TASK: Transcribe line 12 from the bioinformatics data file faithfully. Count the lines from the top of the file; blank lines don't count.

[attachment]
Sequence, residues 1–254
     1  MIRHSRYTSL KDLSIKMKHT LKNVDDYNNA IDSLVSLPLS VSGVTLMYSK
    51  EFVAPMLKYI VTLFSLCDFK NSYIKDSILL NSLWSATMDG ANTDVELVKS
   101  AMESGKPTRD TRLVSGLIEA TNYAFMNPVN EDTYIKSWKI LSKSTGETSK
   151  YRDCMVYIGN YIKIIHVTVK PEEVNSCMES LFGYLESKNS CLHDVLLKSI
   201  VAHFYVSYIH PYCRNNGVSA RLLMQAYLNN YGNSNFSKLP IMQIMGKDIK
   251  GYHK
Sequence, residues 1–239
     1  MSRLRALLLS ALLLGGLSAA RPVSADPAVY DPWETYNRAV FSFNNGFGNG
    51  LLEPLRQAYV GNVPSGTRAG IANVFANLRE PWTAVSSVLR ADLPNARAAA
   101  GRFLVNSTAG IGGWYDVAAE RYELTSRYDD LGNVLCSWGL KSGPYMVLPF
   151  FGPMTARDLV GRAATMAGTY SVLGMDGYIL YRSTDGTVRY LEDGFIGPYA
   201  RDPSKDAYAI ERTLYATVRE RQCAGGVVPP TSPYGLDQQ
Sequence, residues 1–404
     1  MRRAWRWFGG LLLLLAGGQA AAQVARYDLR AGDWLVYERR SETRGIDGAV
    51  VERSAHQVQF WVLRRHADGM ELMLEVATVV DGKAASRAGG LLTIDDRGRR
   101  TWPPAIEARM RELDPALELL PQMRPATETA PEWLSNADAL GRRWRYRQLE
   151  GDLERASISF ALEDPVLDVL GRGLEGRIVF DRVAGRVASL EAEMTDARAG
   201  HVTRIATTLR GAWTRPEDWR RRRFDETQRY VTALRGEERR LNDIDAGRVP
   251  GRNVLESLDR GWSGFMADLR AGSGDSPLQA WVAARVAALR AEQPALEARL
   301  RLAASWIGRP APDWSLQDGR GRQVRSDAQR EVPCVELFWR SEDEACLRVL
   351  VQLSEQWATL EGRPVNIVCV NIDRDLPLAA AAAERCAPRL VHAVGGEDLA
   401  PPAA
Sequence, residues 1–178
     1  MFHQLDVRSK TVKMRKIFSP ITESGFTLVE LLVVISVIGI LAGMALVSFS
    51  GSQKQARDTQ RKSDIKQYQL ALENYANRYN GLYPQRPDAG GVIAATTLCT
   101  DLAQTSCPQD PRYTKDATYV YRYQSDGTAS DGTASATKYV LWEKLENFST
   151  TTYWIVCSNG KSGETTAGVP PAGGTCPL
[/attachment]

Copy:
   151  FGPMTARDLV GRAATMAGTY SVLGMDGYIL YRSTDGTVRY LEDGFIGPYA